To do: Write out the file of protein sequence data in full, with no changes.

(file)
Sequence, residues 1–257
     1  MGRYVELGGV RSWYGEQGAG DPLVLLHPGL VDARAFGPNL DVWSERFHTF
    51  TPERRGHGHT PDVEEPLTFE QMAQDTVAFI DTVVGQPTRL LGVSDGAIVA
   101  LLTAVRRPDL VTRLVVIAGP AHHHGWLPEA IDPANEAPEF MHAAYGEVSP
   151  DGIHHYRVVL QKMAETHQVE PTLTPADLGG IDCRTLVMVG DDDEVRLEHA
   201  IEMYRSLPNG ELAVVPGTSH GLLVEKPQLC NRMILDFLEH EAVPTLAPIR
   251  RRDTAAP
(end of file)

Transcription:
Sequence, residues 1–257
     1  MGRYVELGGV RSWYGEQGAG DPLVLLHPGL VDARAFGPNL DVWSERFHTF
    51  TPERRGHGHT PDVEEPLTFE QMAQDTVAFI DTVVGQPTRL LGVSDGAIVA
   101  LLTAVRRPDL VTRLVVIAGP AHHHGWLPEA IDPANEAPEF MHAAYGEVSP
   151  DGIHHYRVVL QKMAETHQVE PTLTPADLGG IDCRTLVMVG DDDEVRLEHA
   201  IEMYRSLPNG ELAVVPGTSH GLLVEKPQLC NRMILDFLEH EAVPTLAPIR
   251  RRDTAAP